Changes in the binding characteristics of the μ, δ and κ subtypes of the opioid receptor in the hypothalamus of the normal cyclic ewe and in the ovariectomised ewe following treatment with ovarian steroids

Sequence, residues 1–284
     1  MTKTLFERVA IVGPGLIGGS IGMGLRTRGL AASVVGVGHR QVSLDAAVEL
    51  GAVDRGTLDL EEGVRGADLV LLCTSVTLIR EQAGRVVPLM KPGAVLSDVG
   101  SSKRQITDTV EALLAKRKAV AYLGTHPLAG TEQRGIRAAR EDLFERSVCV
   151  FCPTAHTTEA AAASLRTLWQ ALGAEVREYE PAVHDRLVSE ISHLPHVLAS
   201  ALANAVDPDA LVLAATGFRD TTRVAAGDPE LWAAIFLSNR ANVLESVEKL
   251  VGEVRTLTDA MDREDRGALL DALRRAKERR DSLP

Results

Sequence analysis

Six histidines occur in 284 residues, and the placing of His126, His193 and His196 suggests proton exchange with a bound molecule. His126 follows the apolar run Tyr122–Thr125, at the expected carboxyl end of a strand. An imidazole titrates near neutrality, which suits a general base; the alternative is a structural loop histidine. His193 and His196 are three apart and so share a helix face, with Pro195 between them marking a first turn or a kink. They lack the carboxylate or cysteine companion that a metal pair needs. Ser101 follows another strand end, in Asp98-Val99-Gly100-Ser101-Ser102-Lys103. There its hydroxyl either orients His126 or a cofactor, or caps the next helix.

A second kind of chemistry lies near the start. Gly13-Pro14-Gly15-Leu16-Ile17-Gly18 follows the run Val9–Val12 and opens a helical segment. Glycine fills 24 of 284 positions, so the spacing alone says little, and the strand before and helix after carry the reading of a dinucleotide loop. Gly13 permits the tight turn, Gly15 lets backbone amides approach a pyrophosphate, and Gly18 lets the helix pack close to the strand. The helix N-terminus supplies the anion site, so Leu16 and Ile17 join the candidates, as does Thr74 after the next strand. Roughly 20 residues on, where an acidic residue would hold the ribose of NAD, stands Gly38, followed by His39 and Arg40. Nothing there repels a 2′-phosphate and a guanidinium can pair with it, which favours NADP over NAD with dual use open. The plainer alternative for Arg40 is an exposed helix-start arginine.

The μ, δ and κ opioid receptor subtypes were measured across the oestrous cycle of the ewe and in ovariectomised (OVX) ewes treated with oestrogen and/or progesterone. We have used a subtype-specific opioid receptor binding assay, in which [3H]diprenorphine non-preferentially labelled each receptor subtype in the presence of blocking concentrations of site-specific opioid analogues. The density and affinity of each receptor subtype was measured in the preoptic area (POA) of the hypothalamus and the mediobasal hypothalamus (MBH). Normally cycling ewes were killed during the luteal phase of the oestrous cycle and at various times after an injection of a synthetic prostaglandin (cloprostenol) to synchronise the onset of the follicular phase. OVX ewes were either untreated as controls (n=4) or treated with oestrogen (n=4), progesterone (n=4) or oestrogen and progesterone combined (n=4). The total number of opioid receptors did not alter across the oestrous cycle or with steroid hormone treatment. In the POA, the mean (± s.e.m.) number of δ receptors was significantly (P<0·05) greater during the luteal phase than 24 h into the follicular phase (133 ± 45 vs 35 ± 8 fmol/mg protein). A significantly (P<0·05) greater number of δ receptors was also found in the OVX progesterone-treated ewes compared with the control animals (172 ± 9 vs 39 ± 4 fmol/mg protein). In the MBH, the number of δ receptors was significantly (P<0·01) greater in ewes killed 56 h after prostaglandin than luteal-phase ewes (184 ± 40 vs 51 ± 7 fmol/mg protein). The number of μ receptors in both the POA and the MBH was also significantly (P<0·05) higher in the 56-h group than in the 12-h group. A similar trend was also observed in the steroid-treated animals, although differences did not reach statistical significance. The δ:μ ratio in the POA was significantly (P<0·05) higher in the luteal-phase animals than any of the other groups killed after a cloprostenol injection that causes luteolysis. Similarly the ratio of δ receptor density to μ receptor density was greater (P<0·05) in the OVX progesterone-treated ewes than in the OVX control ewes. No differences were found in the κ receptor density across the cycle or with different steroid treatments. These data suggest that the relative proportions of the δ and μ subtypes of the opioid receptor in the hypothalamus change during the oestrous cycle. Regulation appears to be due to the feedback effects of ovarian steroids with progesterone altering the δ:μ ratio. In the MBH, there was a general increase in both δ and μ subtypes during the follicular phase of the oestrous cycle. This may explain, in part, how the responsiveness of the GnRH/LH axis to opioid peptides and antagonists changes across the cycle.